The new documentary film Science vs. Stigma does a wonderful thing: It puts a human face on some of the collateral damage from the War On Drugs. The film does this by allowing medical marijuana patients to share their struggles to safely access an unjustly demonized medicinal herb that helps them.
True stories and scientific research reveal the difficult lives of patients who require the ancient medicinal plant, cannabis, which is now legal in some states, but still so demonized that it cannot even be named in an advertisement.
The medicinal components of cannabis have been shown to be effective in treating dozens of conditions, but patients who are ill and disabled are still senseless persecuted and socially stigmatized.
Directed by Witchgrass author Dave Wilkinson, Science vs. Stigma presents scientific evidence from a compassionate physician (Dr. Dustin Sulak) to support the stigmatized plant’s effectiveness, along with patients, politicians, activists, legislative hearings, and the Maine Medical Marijuana Expo.
Science vs. Stigma was written by Wilkinson along with Ron Norton and Marilyn Taylor, and was produced by Norton and Paul Maguire.
Norton and Maguire head up Maine Green Cross, a patient care organization in Harpswell. Wilkinson is on the Maine Green Cross board; all are patients.
Director Dave Wilkinson: “Science vs. Stigma is the story of the short era of forced patient registration in Maine, and the activism that brought it to an end”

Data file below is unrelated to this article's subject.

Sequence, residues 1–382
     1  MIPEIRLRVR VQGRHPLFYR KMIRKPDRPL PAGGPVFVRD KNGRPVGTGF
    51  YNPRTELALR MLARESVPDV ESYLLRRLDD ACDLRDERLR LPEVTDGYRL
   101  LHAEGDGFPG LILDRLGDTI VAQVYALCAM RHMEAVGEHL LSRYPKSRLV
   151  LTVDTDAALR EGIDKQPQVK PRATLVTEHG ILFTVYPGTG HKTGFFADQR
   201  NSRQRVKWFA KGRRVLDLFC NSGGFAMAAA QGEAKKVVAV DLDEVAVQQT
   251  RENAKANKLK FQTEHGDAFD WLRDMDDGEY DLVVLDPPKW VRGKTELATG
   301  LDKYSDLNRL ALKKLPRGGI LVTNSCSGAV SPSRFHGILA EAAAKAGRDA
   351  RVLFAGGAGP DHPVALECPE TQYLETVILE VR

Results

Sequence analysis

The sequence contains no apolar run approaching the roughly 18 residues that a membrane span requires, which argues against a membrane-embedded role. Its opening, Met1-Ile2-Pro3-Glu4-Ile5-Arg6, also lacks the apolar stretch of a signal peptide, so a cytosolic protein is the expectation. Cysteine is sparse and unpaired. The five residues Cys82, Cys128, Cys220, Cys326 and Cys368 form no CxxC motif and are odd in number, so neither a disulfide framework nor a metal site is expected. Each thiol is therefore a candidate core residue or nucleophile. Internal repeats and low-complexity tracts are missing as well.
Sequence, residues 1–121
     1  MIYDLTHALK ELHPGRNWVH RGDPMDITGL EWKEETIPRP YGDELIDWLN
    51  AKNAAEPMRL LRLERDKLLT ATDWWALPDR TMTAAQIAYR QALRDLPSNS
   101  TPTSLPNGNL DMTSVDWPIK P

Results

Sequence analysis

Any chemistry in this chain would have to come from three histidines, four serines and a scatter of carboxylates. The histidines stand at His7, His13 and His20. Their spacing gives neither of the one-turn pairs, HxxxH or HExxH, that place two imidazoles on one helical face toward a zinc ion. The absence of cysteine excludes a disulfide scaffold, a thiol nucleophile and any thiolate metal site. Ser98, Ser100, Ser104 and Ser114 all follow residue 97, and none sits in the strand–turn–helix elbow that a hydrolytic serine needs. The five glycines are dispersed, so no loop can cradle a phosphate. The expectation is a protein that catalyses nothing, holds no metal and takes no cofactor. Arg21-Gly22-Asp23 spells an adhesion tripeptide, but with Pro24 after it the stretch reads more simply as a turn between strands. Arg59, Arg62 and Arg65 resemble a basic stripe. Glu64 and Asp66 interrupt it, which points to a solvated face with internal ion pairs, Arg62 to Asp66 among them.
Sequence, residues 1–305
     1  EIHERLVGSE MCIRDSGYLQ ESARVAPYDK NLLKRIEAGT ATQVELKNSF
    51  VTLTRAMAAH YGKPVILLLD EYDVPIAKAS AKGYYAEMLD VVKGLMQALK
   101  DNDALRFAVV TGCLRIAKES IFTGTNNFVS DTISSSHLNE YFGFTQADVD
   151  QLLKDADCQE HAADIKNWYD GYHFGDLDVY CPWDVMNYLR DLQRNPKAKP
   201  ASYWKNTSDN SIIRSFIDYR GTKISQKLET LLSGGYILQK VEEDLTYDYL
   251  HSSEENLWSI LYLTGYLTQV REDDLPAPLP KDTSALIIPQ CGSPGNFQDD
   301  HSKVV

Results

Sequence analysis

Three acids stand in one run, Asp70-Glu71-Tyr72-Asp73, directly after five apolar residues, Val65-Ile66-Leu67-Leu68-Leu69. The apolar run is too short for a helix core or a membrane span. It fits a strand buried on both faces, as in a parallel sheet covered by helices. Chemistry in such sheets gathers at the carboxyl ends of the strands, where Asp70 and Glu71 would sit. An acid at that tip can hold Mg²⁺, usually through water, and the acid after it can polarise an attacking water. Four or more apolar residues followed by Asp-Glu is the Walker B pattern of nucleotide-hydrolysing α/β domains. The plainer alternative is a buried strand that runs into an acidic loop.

”While Maine has led the East in setting up a caregiver/dispensary system, many issues remain,” Wilkinson told Toke of the Town Monday night. “Some of our friends had been mistreated by the police and VA. Others had problems finding a doctor, or a caregiver. Many cannot afford $400 an ounce for an easily-grown plant.
“Following the Governor’s Task Force, patients were being required to register or become instantly illegal on January 1, 2011,” Wilkinson told us. “Science vs. Stigma is the story of the short era of forced patient registration in Maine, and the activism that brought it to an end.”
According to Wilkinson, Maine Green Cross decided to make a film in the spring of 2011. “Director of a weekly show on Public TV, with two Emmy nominations, I had the tools needed to make a broadcast-quality production,” Dave told us.
Science vs. Stigma is a true D.I.Y. project. “Instead of writing a grant, or finding backers, we just started making the film,” Wilkinson said.
“Ron and Paul set up interviews with patients at their homes,” Wilkinson told us. “Several others were interviewed during the Maine Medical Marijuana Expo. We went to legislative hearings and other events. We got lots of volunteer help.
“As we saw and heard, a powerful sense of history informed us,” Wilkinson said. “In these humble beginnings lay the seeds of a new medical and economic order. While the media chuckles and the public sleeps, a few people are a starting to take down the high cost, inequality, and danger of the U.S. medical system.
“More than this,” Wilkinson told me, “they are addressing the major human rights crisis in America: epidemic incarceration.”
Dave said the entire Science vs. Stigma team is hoping the film will reach beyond “the choir” to the medical community and the public at large.
“By avoiding the usual cliches, we hope to contribute our story to the larger tale that is being told,” Wilkinson told us.
To order your own DVD copy of Science vs. Stigma for $14.95 plus shipping, click here.
|Rep. Barney Frank (D-Massachusetts) is one of the best friends marijuana patients and advocates ever had in the U.S. Congress.|